However, much of the shuttered iron ore capacity has now been restarted, as partly evidenced by the recent rise in export volumes at Australia’s Port Hedland – a major iron ore port. Consequently, it is expected that iron ore prices will fall sharply as the market moves into a small surplus.
As of Q4, 2019, the price of nickel was up by over 50% compared to the previous year. The catalyst was the announcement that Indonesia will implement its ban on exports of nickel ore in January 2020, two years earlier than expected, which raised fears of a looming supply shortfall. However, three key reasons makes one sceptical that the rally will last.
First, according to Capital Economic’s proprietary model, global demand for nickel already declined in 2019 and it is expected to slow further in 2020.
Second, some of the near-term loss in supply could be met by Chinese port stocks, additional processing of nickel ore in Indonesia and increased exports from the Philippines.
Finally, it is estimated that nearly 200 000 t of refined nickel have flowed into off-exchange stocks since 2017. This ‘hidden’ supply should further mitigate the loss of output from Indonesia.
Aluminium could benefit from stabilisation
Weak demand will also weigh on the price of aluminium in the near-term. But like copper, aluminium prices should benefit from a relative stabilisation in global growth in the second half of 2020.
That said, the price of aluminium is expected to underperform copper, mainly because it is anticipated that there will be stronger growth in refined output of aluminium. (Indeed, the ramp-up in production at smelters in Southern China will probably offset the loss of output from the shut facilities in Xinjiang and Shandong.
Zinc and lead surplus delayed, but not averted
In the latter part of 2019, the price of zinc increased recently despite a continued rise in mine supply.
Several shutdowns outside of China, most recently at Vedanta’s Skorpion refinery in Namibia, have stoked supply worries amid meagre inventory levels.
On the demand side, in contrast to robust steel output in China, production growth of zinc-galvanised steel has fared poorly in comparison.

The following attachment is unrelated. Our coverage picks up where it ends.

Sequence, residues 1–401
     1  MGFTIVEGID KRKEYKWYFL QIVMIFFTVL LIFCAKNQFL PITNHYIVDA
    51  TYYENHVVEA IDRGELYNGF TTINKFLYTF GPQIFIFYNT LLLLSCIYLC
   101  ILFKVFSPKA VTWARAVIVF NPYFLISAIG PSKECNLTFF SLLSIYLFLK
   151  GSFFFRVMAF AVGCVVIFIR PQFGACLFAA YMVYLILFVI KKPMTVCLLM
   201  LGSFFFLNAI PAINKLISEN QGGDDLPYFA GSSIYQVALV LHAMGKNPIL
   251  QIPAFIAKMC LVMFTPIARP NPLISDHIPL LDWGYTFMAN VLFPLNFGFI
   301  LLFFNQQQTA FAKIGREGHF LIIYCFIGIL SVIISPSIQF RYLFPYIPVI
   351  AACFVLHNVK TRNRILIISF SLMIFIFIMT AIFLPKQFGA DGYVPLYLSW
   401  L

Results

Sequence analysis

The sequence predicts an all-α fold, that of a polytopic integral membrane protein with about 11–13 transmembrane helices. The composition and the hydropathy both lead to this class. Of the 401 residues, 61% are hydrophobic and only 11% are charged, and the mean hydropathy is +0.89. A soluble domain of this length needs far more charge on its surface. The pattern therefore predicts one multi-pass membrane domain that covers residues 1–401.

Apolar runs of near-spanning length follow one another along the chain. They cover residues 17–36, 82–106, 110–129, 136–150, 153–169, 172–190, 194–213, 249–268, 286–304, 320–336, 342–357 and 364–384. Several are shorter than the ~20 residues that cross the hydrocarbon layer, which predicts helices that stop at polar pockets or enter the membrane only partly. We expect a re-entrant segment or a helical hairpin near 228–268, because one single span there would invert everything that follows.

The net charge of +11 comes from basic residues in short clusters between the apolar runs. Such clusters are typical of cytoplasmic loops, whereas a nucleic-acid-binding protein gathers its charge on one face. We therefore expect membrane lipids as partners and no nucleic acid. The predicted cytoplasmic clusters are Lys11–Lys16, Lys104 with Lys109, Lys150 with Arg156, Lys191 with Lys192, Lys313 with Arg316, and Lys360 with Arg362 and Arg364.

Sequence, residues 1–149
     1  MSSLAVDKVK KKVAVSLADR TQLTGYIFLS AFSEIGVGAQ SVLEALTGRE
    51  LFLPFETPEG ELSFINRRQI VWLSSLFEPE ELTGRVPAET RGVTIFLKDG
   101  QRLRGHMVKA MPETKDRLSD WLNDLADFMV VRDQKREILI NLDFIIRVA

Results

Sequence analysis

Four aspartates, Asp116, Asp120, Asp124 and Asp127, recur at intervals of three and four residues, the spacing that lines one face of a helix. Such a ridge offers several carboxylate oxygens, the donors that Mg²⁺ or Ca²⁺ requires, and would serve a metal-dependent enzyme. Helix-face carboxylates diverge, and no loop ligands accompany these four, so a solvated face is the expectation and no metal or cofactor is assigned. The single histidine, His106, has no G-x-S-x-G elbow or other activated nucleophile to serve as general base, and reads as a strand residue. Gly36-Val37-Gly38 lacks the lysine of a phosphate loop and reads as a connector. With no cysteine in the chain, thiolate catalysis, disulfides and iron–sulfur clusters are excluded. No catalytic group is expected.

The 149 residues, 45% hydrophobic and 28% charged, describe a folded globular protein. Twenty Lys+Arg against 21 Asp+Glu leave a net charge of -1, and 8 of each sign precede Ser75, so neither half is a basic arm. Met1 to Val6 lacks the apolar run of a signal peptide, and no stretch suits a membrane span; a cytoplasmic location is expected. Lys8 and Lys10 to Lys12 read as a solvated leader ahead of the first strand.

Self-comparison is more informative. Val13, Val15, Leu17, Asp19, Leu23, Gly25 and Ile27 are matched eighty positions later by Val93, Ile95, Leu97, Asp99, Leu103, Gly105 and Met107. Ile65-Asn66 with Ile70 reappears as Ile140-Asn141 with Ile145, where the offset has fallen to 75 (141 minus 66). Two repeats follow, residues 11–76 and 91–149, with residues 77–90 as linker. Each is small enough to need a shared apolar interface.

Despite the near-term headwinds to zinc supply, it is forecast that the market will swing into a surplus by 2020 as the smelter capacity gradually ramps up to meet the increase in mine production.
Given this backdrop, it is expected that the price of zinc will steadily declining until 2021, when somewhat stronger global growth should provide a lift.
It is a similar story for zinc’s sister metal, lead. The price of lead has risen strongly since July 2019 on the back of the closure of Nyrstar’s Port Pirie smelter in Australia.
Although the smelter accounts for just over 1% of global refined lead production, depleted exchange stocks have added fuel to the price rally. But given tepid demand, the price of lead is predicted fall in 2020 as output recovers and the market moves into a surplus.
Meanwhile, tin retains its title as the worst performing base metal of 2019.
Production cuts at Chinese smelters (equivalent to 5% of global production) should be more than offset by an increase in Indonesian output. As such, global tin supply is likely to be a touch higher and remain elevated in 2020, weighing on prices.
It is expected that the supply of most base metals will remain constrained in 2020. However, low prices should increasingly force producers to curtail output and this, coupled with a broad-based drawdown in exchange stocks in recent years, is likely to raise concerns over a shortfall of supply as demand slowly begins to revive.
About the author: Caroline Bain is the Chief Commodities Economist at Capital Economics, with overall responsibility for the Commodities Overview, Energy and Metals services.
She is also the author of The Economist Guide to Commodities. She has degrees in economics from Trinity College Dublin and the University of London.